July 7, 2023
Artificial Intelligence: New Innovations Needing Regulations
Artificial Intelligence (AI) advancements have jumped by leaps and bounds, seemingly overnight. Now, regulators are trying to figure out the safeguards needed to regulate this new technology with the potential to upend how we work, play and communicate. Proponents of AI argue it could radically change the health care industry and the patient-provider relationships for the better – with proper guardrails in place. Keep reading to learn more about how Capitol Hill is looking to address AI, what innovations it could bring to health care and what steps providers can take now to prepare for AI integration.
The desire to regulate is waxing; the question is, “How?”
Influential Senate leaders like Majority Leader Chuck Schumer are beginning to circle the wagons in a push to regulate AI.
- Schumer has met with experts in AI to craft legislation and is on record stating, “Our goal is to maximize the good that can come of AI. The first issue we must tackle is encouraging, not stifling, innovation. But if people don’t think innovation can be done safely, that will stifle AI’s development and even prevent us from moving forward.”
- In the past, Congress has struggled to regulate the tech industry, failing to pass legislation on data privacy and competition. AI is different; it presents new threats and opportunities.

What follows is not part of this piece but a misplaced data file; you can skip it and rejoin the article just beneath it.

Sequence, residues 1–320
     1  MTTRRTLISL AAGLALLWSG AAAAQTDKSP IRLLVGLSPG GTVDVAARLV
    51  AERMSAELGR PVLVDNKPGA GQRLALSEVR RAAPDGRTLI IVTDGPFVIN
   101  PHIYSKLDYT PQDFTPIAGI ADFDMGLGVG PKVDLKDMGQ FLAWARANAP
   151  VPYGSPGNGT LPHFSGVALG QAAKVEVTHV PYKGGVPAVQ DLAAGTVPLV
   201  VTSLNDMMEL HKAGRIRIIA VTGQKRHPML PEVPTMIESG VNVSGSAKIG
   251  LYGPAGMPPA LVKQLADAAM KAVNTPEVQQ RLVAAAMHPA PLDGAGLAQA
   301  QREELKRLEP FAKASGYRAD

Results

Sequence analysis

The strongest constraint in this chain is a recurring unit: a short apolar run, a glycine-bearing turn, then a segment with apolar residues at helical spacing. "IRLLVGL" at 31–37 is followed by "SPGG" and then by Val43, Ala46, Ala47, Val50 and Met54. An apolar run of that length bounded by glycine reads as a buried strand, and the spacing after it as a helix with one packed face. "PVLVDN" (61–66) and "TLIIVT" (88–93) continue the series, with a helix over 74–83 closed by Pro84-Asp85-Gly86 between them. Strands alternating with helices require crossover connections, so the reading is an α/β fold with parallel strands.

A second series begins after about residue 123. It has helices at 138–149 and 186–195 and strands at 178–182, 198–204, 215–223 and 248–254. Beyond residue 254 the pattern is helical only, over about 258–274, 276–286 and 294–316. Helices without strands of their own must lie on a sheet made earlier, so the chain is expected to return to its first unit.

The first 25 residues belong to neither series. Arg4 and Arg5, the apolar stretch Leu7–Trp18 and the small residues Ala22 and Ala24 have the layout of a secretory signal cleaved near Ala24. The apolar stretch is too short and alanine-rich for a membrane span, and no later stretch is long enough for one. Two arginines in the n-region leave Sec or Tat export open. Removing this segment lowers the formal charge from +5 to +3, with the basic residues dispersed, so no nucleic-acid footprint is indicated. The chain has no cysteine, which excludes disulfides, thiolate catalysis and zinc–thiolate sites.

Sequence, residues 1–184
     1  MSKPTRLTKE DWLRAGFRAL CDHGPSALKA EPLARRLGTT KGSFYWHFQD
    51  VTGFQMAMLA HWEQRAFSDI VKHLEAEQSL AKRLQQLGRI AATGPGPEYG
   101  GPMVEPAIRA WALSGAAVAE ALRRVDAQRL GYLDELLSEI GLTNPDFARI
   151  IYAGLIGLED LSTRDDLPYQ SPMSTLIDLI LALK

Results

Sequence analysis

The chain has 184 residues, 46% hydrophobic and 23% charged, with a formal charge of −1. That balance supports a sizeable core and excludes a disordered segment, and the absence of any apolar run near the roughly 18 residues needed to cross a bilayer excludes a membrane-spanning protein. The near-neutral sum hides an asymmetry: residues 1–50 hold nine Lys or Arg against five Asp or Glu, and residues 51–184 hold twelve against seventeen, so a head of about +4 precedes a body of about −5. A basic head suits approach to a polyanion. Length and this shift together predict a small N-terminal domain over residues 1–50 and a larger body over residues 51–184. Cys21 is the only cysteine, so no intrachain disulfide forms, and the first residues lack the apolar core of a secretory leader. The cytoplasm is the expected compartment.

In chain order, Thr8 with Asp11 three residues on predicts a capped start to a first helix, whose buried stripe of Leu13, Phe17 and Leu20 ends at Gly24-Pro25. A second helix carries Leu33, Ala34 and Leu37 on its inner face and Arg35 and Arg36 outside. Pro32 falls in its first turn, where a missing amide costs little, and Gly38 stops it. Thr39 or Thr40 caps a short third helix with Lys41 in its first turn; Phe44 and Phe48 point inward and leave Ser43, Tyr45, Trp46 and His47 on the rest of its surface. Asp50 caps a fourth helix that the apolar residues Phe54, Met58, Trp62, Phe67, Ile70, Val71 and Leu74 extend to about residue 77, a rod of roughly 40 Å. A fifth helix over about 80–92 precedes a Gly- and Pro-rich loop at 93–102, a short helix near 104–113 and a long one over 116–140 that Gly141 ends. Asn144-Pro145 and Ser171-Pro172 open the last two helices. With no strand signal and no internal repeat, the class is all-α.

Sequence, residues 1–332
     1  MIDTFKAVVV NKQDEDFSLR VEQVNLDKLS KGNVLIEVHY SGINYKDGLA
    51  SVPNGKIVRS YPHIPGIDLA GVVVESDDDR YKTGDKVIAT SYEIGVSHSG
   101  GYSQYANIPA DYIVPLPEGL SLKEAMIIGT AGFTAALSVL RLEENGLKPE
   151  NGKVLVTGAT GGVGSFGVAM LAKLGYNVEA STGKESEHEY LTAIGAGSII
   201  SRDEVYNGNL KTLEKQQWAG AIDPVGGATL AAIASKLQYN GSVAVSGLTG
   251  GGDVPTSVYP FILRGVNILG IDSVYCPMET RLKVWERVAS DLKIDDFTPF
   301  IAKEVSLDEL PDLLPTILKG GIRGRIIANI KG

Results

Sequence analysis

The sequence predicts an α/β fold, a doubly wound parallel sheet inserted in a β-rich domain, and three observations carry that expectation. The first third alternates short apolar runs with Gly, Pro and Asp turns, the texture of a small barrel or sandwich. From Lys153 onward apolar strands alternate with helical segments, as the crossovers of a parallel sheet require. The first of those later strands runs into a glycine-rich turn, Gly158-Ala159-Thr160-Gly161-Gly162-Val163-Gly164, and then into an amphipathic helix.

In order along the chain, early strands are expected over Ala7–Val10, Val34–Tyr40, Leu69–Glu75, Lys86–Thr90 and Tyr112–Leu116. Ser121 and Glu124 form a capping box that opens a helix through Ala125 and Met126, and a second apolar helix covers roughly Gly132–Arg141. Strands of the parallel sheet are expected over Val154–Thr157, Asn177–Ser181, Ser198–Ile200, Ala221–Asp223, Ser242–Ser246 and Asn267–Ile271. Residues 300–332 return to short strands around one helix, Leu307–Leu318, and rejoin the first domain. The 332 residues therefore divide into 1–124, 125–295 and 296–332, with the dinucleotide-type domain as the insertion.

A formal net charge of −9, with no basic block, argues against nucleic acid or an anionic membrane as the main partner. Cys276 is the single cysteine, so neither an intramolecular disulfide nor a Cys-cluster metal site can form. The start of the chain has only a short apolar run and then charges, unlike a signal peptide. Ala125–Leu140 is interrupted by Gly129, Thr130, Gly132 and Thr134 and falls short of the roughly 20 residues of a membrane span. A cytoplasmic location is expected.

How could AI impact health care?
- Clinical decision-making: Generative AI can analyze data from a patient’s medical records, lab results, previous treatments and medical imaging to identify potential problem areas and suggest further testing or treatment options.
- Personalized medication and care: Wearable devices can collect real-time data on a patient’s health, including heart-rate variability, blood oxygen and blood glucose levels. This data can then be fed into generative AI algorithms, which can analyze and interpret it, offering tailored recommendations and treatment options.
How should providers prepare?
It is wise for health care providers to assess whether to introduce or scale AI in health care. This might look like taking stock of the overall system’s capabilities, its level of digitization, availability and quality of data, resources and skills, then defining the system’s level of ambition for AI as it fits with their strategic goals.